The study ‘Let it Grow? Social Representations of Nature on Contaminated Brownfields’ by Marjorie Tendero and Dr Cécile Bazart has just been published in ‘Urban Wastelands’ in the series ‘Cities and Nature’ by Springer.
What does this chapter contain, what are the results of the study, and how was this research carried out? Thank you, Dr Marjorie Tendero, to have taken the time to answer these questions.
Can you give us a short preview of this work; its origins, its progress and the findings of this study?
This study deals with the nature we find in polluted urban wastelands, which are areas left abandoned following the end of economic activity. These areas are found in urban zones, where the soil pollution from past activities is recognised. The study looks at how these areas and their vegetation are perceived; does the local population also see benefits in terms of biodiversity and public wellbeing in these areas? The theme of this research goes back to my Ph.D. carried out between 2014 and 2017 within the framework of research funding by ADEME at Agrocampus Ouest. ADEME carried out a call for tender for research concerning polluted wastelands and the assessment of their reconversion. For me, this subject was, and still is, an important subject, and one that I am still working on. This study is, therefore, a continuation of my research. In this particular piece of work, I wanted to analyse the perception people have of a polluted wasteland, in other words, do people see these areas as natural, or just polluted land? In order to do this, I carried out new analyses of the corpus collected during my thesis, underlining the importance of vegetation and nature.
In 2013, the year of my Ph.D., there were 6,500 polluted or potentially polluted wasteland sites requiring public action. About one third of these were polluted industrial wastelands.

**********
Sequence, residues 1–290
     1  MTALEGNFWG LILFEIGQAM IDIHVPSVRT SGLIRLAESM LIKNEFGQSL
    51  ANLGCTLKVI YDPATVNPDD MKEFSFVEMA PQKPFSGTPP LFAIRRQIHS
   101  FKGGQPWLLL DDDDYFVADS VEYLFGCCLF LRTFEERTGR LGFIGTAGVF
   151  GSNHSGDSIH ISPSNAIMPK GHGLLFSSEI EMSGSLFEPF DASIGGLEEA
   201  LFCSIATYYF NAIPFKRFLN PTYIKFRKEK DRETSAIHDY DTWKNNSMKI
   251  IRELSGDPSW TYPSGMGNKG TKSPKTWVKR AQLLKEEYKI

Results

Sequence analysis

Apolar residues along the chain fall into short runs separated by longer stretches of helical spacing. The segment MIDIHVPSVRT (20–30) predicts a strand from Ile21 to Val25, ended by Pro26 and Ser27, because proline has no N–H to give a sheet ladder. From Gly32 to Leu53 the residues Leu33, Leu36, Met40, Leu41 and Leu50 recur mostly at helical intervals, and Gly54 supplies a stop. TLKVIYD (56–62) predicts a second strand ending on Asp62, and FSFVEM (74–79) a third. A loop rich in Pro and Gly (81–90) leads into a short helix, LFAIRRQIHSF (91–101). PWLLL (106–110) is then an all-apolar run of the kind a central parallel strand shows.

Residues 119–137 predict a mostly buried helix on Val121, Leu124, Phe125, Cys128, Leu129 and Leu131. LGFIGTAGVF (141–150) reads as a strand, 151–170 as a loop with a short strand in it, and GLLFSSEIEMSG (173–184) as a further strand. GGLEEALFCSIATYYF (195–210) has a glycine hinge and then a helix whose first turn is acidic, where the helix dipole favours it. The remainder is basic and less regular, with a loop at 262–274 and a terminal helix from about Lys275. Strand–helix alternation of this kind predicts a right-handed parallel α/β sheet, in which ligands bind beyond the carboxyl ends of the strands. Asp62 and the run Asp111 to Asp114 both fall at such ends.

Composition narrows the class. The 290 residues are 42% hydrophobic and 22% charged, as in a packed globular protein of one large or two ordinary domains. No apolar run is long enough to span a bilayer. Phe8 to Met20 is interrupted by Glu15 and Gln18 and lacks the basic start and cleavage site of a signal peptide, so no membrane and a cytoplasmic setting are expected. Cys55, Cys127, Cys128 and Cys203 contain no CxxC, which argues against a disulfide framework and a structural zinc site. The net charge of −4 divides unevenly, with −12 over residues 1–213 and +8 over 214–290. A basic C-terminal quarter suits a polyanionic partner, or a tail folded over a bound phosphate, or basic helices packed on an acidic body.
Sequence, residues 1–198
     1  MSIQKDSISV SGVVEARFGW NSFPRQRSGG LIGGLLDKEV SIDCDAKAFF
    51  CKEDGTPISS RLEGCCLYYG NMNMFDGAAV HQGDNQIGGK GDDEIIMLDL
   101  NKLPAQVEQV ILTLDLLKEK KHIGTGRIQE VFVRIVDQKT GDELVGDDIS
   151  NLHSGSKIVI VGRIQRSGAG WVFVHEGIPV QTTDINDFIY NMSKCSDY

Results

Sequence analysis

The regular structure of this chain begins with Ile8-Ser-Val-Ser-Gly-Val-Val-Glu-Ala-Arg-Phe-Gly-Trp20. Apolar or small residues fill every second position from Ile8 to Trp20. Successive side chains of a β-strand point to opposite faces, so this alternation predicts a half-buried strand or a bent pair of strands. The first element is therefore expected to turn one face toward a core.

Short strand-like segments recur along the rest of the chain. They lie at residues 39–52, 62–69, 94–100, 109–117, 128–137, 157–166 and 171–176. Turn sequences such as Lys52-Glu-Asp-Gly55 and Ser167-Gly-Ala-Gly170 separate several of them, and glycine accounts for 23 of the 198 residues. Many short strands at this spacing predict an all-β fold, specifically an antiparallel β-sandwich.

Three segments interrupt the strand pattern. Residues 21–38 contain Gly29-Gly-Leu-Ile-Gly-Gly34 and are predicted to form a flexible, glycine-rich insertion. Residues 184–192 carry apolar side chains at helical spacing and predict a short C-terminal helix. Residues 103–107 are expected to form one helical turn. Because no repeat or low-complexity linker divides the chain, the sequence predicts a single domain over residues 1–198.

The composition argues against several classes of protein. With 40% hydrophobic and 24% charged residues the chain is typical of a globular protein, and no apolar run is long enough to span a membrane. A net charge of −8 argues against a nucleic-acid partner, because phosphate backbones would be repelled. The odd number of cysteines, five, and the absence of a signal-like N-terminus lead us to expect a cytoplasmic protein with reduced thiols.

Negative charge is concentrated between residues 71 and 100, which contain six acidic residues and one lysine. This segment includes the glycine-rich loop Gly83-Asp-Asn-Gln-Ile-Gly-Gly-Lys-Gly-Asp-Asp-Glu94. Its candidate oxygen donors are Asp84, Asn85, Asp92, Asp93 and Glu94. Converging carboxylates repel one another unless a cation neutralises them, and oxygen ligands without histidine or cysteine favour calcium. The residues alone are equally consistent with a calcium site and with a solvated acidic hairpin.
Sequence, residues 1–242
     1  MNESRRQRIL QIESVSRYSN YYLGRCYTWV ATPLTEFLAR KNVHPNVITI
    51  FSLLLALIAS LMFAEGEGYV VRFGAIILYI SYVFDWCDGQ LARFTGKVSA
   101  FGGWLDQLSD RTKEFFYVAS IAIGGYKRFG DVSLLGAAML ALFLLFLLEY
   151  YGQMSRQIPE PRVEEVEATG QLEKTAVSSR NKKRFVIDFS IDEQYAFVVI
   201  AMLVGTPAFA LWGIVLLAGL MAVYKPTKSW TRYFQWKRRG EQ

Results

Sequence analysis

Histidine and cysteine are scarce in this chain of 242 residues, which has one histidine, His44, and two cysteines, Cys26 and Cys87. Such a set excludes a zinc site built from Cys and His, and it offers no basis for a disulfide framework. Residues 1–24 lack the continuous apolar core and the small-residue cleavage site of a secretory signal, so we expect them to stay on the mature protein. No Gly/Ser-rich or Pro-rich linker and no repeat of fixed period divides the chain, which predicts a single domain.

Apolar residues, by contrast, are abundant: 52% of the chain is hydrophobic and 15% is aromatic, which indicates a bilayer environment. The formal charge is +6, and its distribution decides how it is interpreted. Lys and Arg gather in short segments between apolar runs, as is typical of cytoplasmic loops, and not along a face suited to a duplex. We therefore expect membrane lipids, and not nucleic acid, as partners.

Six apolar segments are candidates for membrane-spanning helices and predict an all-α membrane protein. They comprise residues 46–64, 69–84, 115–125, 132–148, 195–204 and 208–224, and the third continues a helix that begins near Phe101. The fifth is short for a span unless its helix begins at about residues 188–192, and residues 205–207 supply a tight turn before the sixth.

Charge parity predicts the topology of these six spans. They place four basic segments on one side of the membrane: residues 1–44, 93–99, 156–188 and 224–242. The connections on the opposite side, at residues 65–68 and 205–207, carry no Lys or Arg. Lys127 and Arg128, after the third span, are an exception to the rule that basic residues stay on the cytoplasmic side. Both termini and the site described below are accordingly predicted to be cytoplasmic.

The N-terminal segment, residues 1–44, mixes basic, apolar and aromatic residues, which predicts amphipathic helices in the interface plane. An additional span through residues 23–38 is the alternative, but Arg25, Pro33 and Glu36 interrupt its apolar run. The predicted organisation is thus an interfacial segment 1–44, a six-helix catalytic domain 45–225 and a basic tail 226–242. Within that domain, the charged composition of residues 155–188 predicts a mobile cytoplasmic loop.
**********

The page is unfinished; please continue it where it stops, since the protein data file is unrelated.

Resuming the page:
I was able to ‘test’ and develop my research on polluted industrial wastelands thanks to conferences and colloquia where I was able to meet experts and other researchers. The feedback from questions and research advice has led to continually enriching our proposals. I have been quite active in Tours, where the Citeres laboratory carries out excellent work on landscaping and urbanisation, particularly for wastelands. My participation in this book is the result of my presence at a colloquium ‘Urban wastelands: a form of urban nature?’, which took place in May 2019 in Tours.
And what is the result of your research?
Even though an area is polluted, people see it as nature. On the other hand, the judgement they provide varies: some see these areas in a negative way, whereas others see them in a positive way. Therefore, an unmanaged area of vegetation can be seen as un-aesthetic (the expression ‘ugly’ was used several times in the analysed corpus), but also as an important area for biodiversity.
The act of converting a wasteland into a useful area (e.g. housing, park etc.) does not necessarily change people’s perception of that area. For example, a polluted wasteland that has been cleaned up and then renovated can remain stigmatised due to its past pollution. This can also be seen in terms of land value. This is the case for people, organisations and local authorities. It often needs 10, 20 or 30 years for the perception of a site to change.